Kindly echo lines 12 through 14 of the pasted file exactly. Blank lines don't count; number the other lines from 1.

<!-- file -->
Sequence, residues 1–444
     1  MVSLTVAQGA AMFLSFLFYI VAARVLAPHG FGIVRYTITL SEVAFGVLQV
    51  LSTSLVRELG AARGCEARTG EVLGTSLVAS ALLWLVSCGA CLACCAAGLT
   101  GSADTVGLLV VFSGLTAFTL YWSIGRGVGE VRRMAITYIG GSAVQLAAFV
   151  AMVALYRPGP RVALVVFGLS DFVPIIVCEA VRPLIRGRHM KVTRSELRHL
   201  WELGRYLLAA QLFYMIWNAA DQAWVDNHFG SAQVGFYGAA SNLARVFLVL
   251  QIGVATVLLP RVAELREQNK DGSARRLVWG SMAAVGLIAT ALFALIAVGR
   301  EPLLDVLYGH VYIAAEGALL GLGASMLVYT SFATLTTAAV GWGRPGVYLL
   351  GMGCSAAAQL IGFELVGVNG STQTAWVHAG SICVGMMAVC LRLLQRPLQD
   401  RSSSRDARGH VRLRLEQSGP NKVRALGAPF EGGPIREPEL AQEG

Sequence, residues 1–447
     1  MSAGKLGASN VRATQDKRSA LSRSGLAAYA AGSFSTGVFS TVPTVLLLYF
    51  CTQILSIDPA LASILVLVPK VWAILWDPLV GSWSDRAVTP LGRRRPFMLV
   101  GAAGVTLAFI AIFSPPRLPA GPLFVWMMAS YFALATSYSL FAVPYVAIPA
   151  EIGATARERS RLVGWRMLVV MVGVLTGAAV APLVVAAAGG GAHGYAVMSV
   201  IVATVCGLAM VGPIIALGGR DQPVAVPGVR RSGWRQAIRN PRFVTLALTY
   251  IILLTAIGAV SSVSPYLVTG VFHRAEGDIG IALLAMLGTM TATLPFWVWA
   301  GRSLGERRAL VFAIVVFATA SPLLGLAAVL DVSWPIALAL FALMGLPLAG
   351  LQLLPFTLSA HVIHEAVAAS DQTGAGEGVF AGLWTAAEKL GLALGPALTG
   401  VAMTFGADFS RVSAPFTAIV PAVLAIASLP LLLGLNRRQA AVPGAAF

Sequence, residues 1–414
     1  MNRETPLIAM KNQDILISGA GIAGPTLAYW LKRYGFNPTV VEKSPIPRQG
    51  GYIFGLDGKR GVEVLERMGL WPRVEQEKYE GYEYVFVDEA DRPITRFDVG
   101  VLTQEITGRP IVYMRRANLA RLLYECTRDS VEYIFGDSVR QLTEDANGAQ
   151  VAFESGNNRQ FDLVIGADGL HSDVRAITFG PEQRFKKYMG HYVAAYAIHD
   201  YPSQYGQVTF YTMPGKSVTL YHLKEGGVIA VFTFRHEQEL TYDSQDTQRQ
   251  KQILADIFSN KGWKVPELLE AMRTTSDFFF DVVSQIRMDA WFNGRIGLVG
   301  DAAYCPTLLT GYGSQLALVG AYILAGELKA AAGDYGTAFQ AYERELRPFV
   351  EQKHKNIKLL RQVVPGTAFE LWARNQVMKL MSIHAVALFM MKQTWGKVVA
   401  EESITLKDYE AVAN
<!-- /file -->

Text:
     1  MSAGKLGASN VRATQDKRSA LSRSGLAAYA AGSFSTGVFS TVPTVLLLYF
    51  CTQILSIDPA LASILVLVPK VWAILWDPLV GSWSDRAVTP LGRRRPFMLV
   101  GAAGVTLAFI AIFSPPRLPA GPLFVWMMAS YFALATSYSL FAVPYVAIPA